Beyond Trafficking and Slavery: Analysis

Exit denied: women losing the right to leave in the Philippines

The global campaign against trafficking has proved more powerful than the constitution in the Philippines

Maria Cecilia Hwang
2 November 2021, 8.54am
Manila, Philippines
Wayne S. Grazio/Flickr. Creative Commons (by-nc-nd)

Public discussions following the murders of Asian massage workers in Atlanta have exposed the longstanding surveillance of Asian massage workers and the criminalisation of sex workers in the United States. These examples of state violence are connected to a global pattern of policing of migrant sex workers, often justified as anti-trafficking measures. They produce not only spectacular forms of violence, such as arrests, deportations, and death, but also curtail women workers’ freedom of movement and generate migrant vulnerabilities.

For a decade now, I have been researching the experiences of Filipino women who migrate to Asian cities such as Hong Kong and Singapore to engage in sex work. They earn their income through hostess work, which involves entertaining men in nightlife venues such as bars and nightclubs. To earn more, many also provide sexual services. Some choose sex work abroad over low-wage jobs in the Philippines, including factory, service, and retail work. Others enter into it after being ‘aged out’ by local hiring practices that discriminate against women age 25 and over. As independent sex workers, they are not controlled by international ‘pimps’ and criminal syndicates. In other words, they are not trafficked persons.

Nevertheless, their migration has been restricted and their livelihoods imperilled by the Philippine government’s anti-trafficking policy of ‘offloading’ passengers suspected to be victims of human trafficking and illegal recruitment as well as suspected undocumented workers. Implemented in 2010 after the United States effectively pressured the Philippine government to enforce anti-trafficking measures, the ‘Guidelines on Departure Formalities for International-bound Passengers’ aim to prevent human trafficking by screening all international-bound Filipino travellers and empowering the Bureau of Immigration to suspend Filipinos’ constitutionally enshrined “right to travel” whenever there is a “reasonable detection of a trafficking situation”.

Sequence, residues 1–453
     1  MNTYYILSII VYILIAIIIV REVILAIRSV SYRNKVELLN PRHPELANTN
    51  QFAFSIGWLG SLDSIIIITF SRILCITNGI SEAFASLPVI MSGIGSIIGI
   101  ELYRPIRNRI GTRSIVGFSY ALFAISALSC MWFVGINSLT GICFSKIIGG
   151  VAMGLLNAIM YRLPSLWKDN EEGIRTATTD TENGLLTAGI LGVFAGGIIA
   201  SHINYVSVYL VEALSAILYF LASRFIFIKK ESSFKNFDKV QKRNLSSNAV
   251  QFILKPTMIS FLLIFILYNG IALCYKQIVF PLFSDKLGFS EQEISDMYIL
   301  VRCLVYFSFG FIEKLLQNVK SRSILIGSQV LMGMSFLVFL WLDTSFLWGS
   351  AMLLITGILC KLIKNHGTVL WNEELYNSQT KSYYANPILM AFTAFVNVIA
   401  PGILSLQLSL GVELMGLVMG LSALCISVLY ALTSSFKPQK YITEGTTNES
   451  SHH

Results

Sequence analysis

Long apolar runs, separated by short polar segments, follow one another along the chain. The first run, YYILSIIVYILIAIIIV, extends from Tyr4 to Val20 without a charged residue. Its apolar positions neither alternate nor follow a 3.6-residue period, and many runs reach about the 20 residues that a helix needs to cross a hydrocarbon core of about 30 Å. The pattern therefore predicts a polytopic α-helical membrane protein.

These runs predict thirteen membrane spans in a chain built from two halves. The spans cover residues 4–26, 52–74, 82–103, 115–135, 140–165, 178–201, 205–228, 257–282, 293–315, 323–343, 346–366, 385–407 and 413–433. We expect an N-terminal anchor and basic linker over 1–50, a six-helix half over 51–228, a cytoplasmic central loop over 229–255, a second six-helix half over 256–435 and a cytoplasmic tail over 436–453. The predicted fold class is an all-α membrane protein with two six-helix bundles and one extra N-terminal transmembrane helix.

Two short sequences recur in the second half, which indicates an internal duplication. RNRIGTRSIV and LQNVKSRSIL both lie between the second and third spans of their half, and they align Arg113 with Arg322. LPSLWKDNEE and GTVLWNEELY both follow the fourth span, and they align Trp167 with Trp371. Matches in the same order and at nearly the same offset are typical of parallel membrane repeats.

Restrained ‘for their own good’

Strict screening of international-bound Filipinos primarily focuses on those leaving the country as tourists, which is assumed to be the primary channel for illegal recruitment, human trafficking, and undocumented migration. Profiling is central to the monitoring of Filipino tourists, and their financial resources, current employment, levels of education, appearance, demeanour, and destinations are all closely scrutinised. Based on subjective assessment, immigration officers determine whether a Filipino traveller is a ‘bona fide’ tourist or someone traveling with a ‘doubtful’ intent. Those who fall in the latter category are not allowed to depart.